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Totally Tully
FSU fans love their volleyball team and if you're an opponent visiting Tully Gym, they'll let you know just how much.


FSU fans love their volleyball team and if you're an opponent visiting Tully Gym, they'll let you know just how much.

Nov. 3, 2011

Tully Gym in pictures: A look at the home-court advantage

TALLAHASSEE, Fla. -- There's an old adage that states, "with age comes wisdom."

In Tully Gym's case, an updated proverb would be more appropriate: "With age comes intimidation."

As one of the older facilities utilized by a Florida State University varsity athletic program, Tully Gym won't wow anyone aesthetically. It doesn't boast the same pizzaz and "newly-constructed feel" that perhaps some of the other volleyball programs in the Atlantic Coast Conference and in the state of Florida possess.

Brandon Mellor
Brandon Mellor
Seminoles.com Senior Writer
bmellor@fsu.edu
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But for everything that Tully Gym lacks from a contemporary standpoint, it more than makes up for from a comfort aspect. 

"We like the coziness of Tully because it kind of adds to the intimidation factor because the noise just goes out of the building," FSU volleyball coach Chris Poole said. "But at the same time, I think people have to understand that the building is only as good as the fans that are there at the time of the match. Our players certainly get very motivated. They love playing in front of great crowds. It's uplifting to them and it just energizes all of us." 

And the Seminoles have certainly been uplifted this season.

The transfer of energy from the support of consistently impressive crowds at Tully Gym is an important factor in the 'Noles' success on Lucy McDaniel Court in 2011. FSU enters its final two home matches of the season on Friday and Sunday with an unblemished 10-0 record at home.

FSU's dominance in its own building is nothing new. Since Poole and his staff took over the program before the start of the 2008 season, the Seminoles have registered a 48-10 record on their home floor, including a 16-1 mark in 2009 when the team went to the Elite Eight.

"I think since I got here the program has done this 180," said senior Rachael Morgan, whose first season was also the first year of the new coaching staff. "Everything just came together. The coaches did a lot of work, marketing does an amazing job and as players we try to do a lot with the fans and get personal with them. There are just so many components that came together to make Tully what it is today."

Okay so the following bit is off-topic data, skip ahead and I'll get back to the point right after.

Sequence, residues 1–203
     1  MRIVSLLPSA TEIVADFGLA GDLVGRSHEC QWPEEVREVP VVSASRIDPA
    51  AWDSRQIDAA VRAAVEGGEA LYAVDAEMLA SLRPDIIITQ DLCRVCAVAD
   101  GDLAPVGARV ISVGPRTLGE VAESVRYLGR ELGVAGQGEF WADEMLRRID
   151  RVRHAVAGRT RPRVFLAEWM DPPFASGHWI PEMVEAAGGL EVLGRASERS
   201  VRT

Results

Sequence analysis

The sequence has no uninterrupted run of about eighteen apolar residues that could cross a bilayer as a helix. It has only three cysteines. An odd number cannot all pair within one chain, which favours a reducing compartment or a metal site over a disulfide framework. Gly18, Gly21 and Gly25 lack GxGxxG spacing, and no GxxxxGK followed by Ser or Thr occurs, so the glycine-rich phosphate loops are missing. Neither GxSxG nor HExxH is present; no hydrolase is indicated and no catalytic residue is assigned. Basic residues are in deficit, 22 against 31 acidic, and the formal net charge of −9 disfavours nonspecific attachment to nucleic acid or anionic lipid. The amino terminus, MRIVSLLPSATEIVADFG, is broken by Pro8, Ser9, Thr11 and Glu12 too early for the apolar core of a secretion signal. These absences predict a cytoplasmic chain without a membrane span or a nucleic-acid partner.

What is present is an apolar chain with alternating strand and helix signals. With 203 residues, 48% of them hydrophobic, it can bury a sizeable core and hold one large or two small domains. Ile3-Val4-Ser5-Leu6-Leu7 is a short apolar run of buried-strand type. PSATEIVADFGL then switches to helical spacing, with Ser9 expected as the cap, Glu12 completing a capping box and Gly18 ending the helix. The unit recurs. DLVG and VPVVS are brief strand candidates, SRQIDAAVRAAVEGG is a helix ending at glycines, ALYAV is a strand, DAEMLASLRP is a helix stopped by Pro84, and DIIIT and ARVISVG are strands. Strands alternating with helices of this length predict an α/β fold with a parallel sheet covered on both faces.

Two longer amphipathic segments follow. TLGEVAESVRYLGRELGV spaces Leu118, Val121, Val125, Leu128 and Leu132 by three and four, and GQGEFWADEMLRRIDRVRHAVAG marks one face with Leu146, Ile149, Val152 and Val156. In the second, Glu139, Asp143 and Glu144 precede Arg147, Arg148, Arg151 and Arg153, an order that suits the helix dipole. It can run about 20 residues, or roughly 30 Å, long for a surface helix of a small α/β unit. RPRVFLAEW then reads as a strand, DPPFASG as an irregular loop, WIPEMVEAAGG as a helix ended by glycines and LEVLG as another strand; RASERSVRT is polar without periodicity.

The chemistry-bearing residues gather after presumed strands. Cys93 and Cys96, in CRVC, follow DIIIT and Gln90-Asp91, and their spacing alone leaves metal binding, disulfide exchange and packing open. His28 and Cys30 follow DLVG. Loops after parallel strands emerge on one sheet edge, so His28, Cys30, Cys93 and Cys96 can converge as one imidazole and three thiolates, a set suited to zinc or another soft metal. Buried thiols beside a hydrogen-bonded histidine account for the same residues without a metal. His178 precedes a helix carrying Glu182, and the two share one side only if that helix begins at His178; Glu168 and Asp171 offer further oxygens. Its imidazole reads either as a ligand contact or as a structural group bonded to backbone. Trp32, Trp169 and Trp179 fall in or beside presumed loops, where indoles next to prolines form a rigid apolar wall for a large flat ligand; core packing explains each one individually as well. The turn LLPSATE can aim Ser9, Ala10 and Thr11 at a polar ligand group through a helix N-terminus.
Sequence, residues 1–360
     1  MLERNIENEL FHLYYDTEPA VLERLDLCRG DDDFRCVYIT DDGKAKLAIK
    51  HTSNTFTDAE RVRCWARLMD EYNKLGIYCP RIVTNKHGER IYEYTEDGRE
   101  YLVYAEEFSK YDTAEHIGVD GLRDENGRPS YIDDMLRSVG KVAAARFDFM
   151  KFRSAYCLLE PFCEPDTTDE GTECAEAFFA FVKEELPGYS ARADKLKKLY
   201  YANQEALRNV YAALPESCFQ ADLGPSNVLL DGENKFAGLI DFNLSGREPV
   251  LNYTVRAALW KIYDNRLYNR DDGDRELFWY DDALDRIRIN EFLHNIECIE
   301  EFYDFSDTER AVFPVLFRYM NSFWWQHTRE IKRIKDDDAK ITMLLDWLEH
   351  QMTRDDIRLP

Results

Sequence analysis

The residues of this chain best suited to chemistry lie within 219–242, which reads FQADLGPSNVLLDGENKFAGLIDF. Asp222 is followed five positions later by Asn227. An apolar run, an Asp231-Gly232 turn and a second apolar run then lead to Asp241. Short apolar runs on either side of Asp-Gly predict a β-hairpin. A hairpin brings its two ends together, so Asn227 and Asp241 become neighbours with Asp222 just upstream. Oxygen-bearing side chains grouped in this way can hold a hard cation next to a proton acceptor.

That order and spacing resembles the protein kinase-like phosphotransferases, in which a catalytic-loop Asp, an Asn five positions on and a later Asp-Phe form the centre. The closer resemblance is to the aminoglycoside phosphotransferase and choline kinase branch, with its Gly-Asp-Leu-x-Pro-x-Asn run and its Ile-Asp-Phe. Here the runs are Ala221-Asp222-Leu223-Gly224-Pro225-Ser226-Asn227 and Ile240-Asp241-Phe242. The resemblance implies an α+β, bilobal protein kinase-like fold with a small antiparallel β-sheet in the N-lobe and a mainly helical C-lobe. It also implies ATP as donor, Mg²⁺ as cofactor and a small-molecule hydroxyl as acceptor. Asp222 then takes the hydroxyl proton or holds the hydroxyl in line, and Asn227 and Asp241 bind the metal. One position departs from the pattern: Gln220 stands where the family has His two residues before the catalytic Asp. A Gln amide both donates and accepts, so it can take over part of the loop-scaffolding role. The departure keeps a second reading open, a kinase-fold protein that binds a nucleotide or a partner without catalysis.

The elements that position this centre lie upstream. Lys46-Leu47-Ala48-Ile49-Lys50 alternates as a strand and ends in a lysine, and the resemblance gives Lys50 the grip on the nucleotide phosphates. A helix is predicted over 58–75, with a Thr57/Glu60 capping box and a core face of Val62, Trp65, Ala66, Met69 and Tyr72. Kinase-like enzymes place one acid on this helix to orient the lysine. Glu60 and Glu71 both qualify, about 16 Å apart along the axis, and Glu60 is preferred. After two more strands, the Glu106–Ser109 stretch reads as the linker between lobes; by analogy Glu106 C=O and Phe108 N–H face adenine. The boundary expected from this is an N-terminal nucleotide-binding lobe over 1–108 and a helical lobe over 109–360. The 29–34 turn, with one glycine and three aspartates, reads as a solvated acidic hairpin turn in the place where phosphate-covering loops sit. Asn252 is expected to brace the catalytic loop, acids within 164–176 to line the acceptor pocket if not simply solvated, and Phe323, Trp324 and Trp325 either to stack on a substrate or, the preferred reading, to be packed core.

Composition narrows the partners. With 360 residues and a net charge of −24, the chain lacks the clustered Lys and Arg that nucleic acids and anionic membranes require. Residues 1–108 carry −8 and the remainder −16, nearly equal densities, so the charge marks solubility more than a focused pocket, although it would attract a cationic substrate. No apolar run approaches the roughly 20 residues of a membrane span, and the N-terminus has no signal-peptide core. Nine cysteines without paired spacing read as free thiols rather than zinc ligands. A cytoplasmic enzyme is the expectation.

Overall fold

What Tully Gym is now is a venue that has not only seen its average attendance for volleyball matches skyrocket in the last several years but also one that has been molded to better promote and benefit its players.

From brand new banners adoring the entrance and lobby to the the ones circling the rafters around Lucy McDaniel Court, Tully Gym has undergone an visual overhaul that celebrates the accomplishments of the 'Noles.

"The administration has certainly made a huge commitment to us to let us fix up Tully," said Poole, who also mentioned the benefits of a new film room. "In putting in some of the signage that we now have and even the locker room that some of the fans don't see has really been uplifting for the players. So we are doing some things to try to fix it up. Getting the fans in here is so important and it really has become a consistently great atmosphere. I think that's the key." 

Contributing to that atmosphere and the improvements is the presence of FSU's band.


Tully Gym has become a tough place to play for visiting teams.


When the instruments are blaring in unison and the crowd is reacting to the action on the court, the new and improved Tully Gym provides quite the visual and audible scene.

Katie Mosher, who is now a redshirt freshman and integral part of FSU's success, was once a hot-shot recruit. She had her choice of some of the top volleyball programs in the country but said that part of her decision to choose Florida State was because of the atmosphere and the contribution of the band -- a musical aspect that many other programs do not have. 

"Having the band here was huge," Mosher said. "I thought that was so cool. They don't just play music but they are also loud and really into the game."

They won't be Mosher's last-ever home matches this weekend or even the last time the band and fans will file into Tully Gum loud and proud. But Friday's match against NC State and Sunday's against North Carolina will mark the end of an era for Morgan and fellow seniors Visnja Djurdjevic, Patricia Figueiredo and Jekaterina Stepanova.

And for the four student-athletes that have been such an important part of the transition of the program and its home-town support, it's only fitting that they get to play on Lucy McDaniel Court in style two more times with yet another raucous, rowdy and intimidating environment at Tully Gym. 

"From my first game here as a freshman when there weren't that many people that came to matches," Morgan said, "to now where it is packed for every match and everyone is yelling your name and it's loud, it's just incredible. It is amazing."

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